So how can we make this relationship work? Let’s spend more quality time together, getting to know each other and exploring our shared passions.  Let’s make each other some promises.  If we promise not to argue about how many angels can dance on the point of a pin, would you promise not give us six weeks to enumerate and classify the angels and calculate the likely savings from combining seraphim and cherubim? Agreed? Great – now let’s do some good work together.

Catherine Staite

Catherine Staite is the Director of INLOGOV. She provides consultancy and facilitation to local authorities and their partners, on a wide range of issues including on improving outcomes, efficiency, partnership working, strategic planning and organisational development, including integration of services and functions.

Preparing future leaders: The Total Leadership Programme

Daniel Goodwin – Senior Associate Fellow

The leadership and management challenges faced by local government have never been greater. Budget constraint, population change, and the need to respond to heightened expectations present future leaders with lots to grapple with. People thinking about taking up the top roles in public service will need a solid foundation of thinking and a great support network to turn challenge into opportunity.

The Total Leadership Programme is an exciting new venture which is designed to help senior local government managers prepare themselves for a chief executive role. It’s a partnership between INLOGOV and SOLACE (The Society of Local Government Chief Executives and Senior Managers), which fills a serious gap in provision nationally. It is open not only to directors in councils but also to people at a similar level within private sector firms who work in the public sector and who might be considering such a move too.

The programme will be delivered by a combination of INLOGOV Faculty members and Associates with significant management education development expertise, practicing chief executives and senior politicians, and experts in particular leadership fields.

Participants will develop a deeper understanding of the local government leadership space which will inform their future thinking in the remainder of the programme. They’ll consider how they will personally develop relationships of trust across the whole system locally and also how they might start to develop a national profile as an ambassador for place. The programme will help them feel at ease with ideas of complexity, collaboration, agency and leverage, and be able to use them to develop further learning.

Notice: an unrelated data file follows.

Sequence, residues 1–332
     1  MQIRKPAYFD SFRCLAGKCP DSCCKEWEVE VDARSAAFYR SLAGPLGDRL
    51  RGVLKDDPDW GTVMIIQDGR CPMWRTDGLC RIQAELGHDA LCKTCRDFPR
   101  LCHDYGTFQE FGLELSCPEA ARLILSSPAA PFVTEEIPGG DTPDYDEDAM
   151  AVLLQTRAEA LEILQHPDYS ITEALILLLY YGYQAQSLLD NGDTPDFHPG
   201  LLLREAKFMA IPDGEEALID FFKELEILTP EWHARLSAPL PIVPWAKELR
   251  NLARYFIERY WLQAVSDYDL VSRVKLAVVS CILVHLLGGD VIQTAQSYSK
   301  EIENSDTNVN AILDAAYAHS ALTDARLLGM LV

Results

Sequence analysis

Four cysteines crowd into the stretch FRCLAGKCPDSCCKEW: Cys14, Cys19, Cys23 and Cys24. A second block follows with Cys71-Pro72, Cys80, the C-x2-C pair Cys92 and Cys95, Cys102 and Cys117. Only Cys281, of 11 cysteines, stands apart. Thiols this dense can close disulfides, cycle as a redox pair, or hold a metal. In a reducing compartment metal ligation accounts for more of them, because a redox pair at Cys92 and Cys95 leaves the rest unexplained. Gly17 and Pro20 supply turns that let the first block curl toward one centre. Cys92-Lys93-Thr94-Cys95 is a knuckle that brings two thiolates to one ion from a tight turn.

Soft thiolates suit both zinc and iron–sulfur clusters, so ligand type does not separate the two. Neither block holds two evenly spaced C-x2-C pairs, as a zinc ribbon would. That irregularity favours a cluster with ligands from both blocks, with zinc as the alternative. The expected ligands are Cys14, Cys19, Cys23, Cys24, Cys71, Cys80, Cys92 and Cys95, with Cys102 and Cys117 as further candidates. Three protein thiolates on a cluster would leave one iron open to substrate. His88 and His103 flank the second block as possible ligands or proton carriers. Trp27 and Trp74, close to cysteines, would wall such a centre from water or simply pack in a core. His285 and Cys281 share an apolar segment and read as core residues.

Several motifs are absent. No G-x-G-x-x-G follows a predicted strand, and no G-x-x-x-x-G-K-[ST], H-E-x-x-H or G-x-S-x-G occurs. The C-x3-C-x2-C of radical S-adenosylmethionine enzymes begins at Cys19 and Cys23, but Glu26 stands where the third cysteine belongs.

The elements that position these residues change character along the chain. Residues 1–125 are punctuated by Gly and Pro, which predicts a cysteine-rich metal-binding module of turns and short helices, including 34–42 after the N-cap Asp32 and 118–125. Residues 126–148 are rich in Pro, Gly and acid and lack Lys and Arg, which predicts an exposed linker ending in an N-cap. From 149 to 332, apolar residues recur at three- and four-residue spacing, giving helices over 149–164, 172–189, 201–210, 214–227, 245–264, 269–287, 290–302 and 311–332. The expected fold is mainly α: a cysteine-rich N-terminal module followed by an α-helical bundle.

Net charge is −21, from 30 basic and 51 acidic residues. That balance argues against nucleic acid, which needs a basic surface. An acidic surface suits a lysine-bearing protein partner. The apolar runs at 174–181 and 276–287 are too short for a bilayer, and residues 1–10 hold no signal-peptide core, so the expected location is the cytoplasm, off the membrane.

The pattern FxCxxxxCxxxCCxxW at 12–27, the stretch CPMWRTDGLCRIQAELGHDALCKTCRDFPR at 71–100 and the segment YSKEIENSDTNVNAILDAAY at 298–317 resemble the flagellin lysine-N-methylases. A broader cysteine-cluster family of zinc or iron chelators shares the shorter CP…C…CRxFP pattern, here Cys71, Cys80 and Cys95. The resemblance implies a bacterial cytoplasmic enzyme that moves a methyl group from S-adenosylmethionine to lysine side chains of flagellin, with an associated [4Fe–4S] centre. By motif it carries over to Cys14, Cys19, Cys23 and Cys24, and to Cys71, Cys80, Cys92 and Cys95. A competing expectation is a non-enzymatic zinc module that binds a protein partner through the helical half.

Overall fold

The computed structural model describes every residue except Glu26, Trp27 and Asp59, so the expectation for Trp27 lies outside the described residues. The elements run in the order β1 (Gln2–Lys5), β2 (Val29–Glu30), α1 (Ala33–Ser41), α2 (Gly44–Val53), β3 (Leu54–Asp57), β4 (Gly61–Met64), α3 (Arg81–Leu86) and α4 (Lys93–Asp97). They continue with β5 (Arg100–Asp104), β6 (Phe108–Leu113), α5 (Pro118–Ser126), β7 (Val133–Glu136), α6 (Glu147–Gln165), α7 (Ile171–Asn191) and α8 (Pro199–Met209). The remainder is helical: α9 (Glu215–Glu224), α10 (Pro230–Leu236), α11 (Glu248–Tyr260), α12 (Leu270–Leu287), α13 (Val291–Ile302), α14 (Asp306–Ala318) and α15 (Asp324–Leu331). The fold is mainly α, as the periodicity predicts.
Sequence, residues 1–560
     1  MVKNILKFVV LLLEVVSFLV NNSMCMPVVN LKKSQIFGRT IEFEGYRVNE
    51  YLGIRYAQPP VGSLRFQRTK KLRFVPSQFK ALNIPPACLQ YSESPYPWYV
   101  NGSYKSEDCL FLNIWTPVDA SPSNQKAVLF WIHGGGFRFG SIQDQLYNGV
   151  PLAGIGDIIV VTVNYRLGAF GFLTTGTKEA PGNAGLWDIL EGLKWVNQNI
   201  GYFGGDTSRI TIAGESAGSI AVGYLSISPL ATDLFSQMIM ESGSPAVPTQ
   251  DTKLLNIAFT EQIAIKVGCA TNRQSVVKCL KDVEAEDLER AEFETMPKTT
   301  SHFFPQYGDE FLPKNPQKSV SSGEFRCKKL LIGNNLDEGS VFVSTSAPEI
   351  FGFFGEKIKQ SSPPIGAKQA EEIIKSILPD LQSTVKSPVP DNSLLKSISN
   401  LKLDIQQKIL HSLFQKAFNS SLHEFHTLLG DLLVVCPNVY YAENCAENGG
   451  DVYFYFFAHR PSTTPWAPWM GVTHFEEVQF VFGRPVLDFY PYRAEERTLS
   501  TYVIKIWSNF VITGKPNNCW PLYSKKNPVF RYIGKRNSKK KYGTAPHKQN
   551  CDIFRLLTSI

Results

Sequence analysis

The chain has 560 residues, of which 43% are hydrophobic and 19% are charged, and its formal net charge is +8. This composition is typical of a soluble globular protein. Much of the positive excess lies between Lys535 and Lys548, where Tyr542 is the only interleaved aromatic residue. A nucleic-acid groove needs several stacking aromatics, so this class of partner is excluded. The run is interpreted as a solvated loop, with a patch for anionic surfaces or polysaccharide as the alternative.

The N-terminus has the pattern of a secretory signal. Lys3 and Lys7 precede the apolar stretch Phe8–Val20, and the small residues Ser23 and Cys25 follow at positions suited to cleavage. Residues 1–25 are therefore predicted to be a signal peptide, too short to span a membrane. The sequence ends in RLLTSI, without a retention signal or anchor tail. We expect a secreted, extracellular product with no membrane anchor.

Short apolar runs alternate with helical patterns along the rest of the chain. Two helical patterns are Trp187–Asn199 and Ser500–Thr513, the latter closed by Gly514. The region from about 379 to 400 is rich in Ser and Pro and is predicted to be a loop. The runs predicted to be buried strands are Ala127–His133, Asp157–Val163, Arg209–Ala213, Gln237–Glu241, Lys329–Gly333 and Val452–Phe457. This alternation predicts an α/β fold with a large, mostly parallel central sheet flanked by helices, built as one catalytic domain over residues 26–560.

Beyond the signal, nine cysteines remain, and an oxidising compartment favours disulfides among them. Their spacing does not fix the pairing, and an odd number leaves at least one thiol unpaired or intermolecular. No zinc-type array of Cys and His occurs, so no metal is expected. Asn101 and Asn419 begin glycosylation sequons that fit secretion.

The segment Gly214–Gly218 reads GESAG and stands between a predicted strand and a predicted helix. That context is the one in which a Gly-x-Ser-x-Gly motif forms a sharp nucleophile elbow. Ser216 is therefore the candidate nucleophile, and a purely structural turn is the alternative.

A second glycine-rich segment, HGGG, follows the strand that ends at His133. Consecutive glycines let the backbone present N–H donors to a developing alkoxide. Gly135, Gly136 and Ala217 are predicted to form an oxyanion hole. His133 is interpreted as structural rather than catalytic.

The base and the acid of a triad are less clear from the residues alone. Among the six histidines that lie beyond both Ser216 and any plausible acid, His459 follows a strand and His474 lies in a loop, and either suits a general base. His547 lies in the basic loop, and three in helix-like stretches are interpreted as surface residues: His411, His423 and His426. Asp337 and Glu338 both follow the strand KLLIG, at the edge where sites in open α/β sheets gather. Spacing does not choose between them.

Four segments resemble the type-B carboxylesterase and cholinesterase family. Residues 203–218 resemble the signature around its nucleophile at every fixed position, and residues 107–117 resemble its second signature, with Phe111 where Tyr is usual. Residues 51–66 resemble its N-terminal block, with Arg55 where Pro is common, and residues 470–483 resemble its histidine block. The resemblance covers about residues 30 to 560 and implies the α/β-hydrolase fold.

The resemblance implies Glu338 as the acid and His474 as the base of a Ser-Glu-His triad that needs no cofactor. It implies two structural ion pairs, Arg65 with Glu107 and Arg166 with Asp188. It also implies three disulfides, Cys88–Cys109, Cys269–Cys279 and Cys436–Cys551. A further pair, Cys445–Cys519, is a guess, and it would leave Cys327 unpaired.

Through an examination of local government in a non-UK context, participants will come away with reflections on the way local leadership happens in a different but comparable system. They will have thought about what we can learn about the way in which challenges are perceived and addressed. They will also have considered whether there are identifiably different strategies and approaches which might have an impact on their future work. In a module on entrepreneurial leadership, participants will gain a deeper appreciation of the perspectives of those they commission and explore what entrepreneurialism means in the local public sector context.

Finally, participants will consider how to create a positive public leadership narrative which helps them to engage with how people to see them as a leader. They will explore how to offer their leadership to people through a narrative that they can relate to. This will include exploring how engagement with digital media changes and shapes that approach.

All of the modules will be informed by the latest thinking on key cross-cutting issues, including community development and participative social media led democracy, demand management, ‘digital by design’ and new organisational forms.

Participants will have an input into the development of the modules through a design day in June and through ongoing discussions and reflection. They’ll also have access to INLOGOV’s distance learning materials and will be encouraged to engage in learning and networking between the modules. And of course they will also be able to learn hugely from each other, the groups will be kept at an optimal size of around 12-15 people to help develop a strong peer learning network.

The deadline for applications to the first cohort is 31st May and the modules start in September. Demand is high and the programme is already two thirds full. Confirmed participants include directors from a wide range of authority types from across the UK.

To find out more follow this link: www.solace.org.uk/tl

Know your local Councillor Photographs - St Albans - May 2008

Daniel Goodwin’s career has mainly been in local government, starting in libraries and cultural services and progressing through policy and corporate services. He is particularly interested in policy into practice issues, largely relating to local leadership and the politics of communities and place, and is a regular contributor to journals, conferences and seminars.